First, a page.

Parents of Jerusalem Bombing Victim Call for Congressional Probe into Terrorist’s Extradition

Israeli medics and volunteers treat the injured at the site of a Palestinian suicide bombing August 9, 2001 in Jerusalem, Israel. At least 18 people, including six children, were killed in the explosion, and more than 80 other people were injured in the blast at a Sbarro pizzeria. The bombing …
Getty Images

TEL AVIV – The parents of a 15-year-old girl who was killed in a suicide bombing in Jerusalem in 2001 are calling on Congress to investigate why the terrorist behind the attack — Hamas’ first ever female jihadist — remains free in Jordan with her family and has not been extradited to the U.S.

Arnold Roth’s daughter Malki was among the 15 victims of the August 9, 2001 terror attack on the Sbarro pizza restaurant and one of two Americans to have been killed. A total of 122 people were wounded in the attack, including four Americans. Roth told The Algemeiner on Wednesday that he and his wife, Frimet, are calling on U.S. lawmakers to bring Ahlam Aref Ahmad Al-Tamimi to justice after Jordan’s high court refused an extradition order for her in 2017.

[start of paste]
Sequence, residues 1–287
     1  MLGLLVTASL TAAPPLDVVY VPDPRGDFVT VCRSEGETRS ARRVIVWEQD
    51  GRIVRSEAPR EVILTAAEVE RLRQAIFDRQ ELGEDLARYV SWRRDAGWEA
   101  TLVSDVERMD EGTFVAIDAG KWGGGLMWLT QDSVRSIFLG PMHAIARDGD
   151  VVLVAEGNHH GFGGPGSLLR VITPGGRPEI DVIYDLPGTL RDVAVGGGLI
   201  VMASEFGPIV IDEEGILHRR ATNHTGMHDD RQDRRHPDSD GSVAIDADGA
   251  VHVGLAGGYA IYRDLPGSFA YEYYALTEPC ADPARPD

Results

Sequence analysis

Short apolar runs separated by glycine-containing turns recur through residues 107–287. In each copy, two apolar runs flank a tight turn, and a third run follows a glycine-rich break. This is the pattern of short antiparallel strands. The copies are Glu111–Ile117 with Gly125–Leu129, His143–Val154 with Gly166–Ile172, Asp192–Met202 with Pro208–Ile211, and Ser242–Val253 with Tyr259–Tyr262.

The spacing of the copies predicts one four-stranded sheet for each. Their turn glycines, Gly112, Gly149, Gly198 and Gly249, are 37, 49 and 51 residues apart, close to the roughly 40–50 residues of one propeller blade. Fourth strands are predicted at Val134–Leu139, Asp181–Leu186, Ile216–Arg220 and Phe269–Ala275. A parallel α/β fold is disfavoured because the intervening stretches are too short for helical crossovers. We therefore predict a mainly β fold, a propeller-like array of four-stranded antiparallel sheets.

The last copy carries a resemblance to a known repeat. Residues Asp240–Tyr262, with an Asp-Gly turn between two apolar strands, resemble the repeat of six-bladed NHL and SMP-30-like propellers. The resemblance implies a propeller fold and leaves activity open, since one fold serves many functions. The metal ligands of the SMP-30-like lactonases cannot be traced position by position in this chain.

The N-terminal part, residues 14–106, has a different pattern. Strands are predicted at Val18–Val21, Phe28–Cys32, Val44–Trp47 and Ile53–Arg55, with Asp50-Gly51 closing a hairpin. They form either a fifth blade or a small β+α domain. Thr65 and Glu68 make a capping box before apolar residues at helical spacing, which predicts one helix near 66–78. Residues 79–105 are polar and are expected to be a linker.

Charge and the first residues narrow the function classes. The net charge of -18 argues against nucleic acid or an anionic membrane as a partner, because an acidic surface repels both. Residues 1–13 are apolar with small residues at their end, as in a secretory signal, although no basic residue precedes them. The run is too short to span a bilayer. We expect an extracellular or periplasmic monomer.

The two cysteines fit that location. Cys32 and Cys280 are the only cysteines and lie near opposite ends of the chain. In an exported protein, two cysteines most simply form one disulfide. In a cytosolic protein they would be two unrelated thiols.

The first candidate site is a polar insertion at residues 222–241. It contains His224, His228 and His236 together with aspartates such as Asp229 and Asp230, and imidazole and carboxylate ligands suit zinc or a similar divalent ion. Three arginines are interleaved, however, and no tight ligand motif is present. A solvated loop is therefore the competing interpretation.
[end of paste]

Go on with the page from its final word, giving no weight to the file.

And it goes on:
Tamimi was convicted for her role in the bombing in an Israeli court, but along with 1,000 other Palestinian terrorists, was released in a 2011 prisoner exchange deal for an IDF soldier held captive by Hamas, Gilad Shalit.

After her release, Tamimi returned to her birthplace, Jordan, and launched a career as a satellite TV host. On her show, Tamimi frequently boasts about her involvement in the attack, which included selecting the location for the maximum number of casualties as well as accompanying the suicide bomber to the restaurant.

“Being in Jordan has given me strength, because Jordan does not have an extradition agreement [sic] with the United States,” Tamimi told Al Jazeera in a March interview. “This led to the issuing of a legal decision refusing my extradition, and Jordan’s position on that matter is very clear.”

“Why am I, Ahlam, considered to be a terrorist, when I am part of a movement for freedom and national liberation?” she asked.